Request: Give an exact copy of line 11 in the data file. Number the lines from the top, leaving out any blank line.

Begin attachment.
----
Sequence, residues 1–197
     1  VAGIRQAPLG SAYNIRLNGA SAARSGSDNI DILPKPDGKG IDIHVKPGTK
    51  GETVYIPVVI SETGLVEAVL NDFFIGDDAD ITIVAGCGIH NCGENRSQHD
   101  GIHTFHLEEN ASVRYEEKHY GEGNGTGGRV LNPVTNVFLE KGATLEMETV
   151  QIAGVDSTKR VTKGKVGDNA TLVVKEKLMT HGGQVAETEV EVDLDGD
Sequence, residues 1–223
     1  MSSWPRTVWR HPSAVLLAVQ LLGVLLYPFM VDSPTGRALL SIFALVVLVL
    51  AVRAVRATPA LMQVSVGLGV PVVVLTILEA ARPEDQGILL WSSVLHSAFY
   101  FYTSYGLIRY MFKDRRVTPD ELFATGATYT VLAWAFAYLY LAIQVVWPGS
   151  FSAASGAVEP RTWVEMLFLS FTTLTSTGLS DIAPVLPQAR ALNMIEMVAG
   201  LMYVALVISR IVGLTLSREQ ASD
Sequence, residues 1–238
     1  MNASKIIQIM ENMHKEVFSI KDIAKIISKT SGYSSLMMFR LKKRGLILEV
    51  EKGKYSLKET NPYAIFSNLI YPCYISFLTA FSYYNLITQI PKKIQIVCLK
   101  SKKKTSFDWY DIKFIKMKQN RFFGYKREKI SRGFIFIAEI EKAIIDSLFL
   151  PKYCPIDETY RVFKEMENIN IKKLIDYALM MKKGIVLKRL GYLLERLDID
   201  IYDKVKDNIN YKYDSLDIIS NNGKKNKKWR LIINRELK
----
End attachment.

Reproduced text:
   201  LMYVALVISR IVGLTLSREQ ASD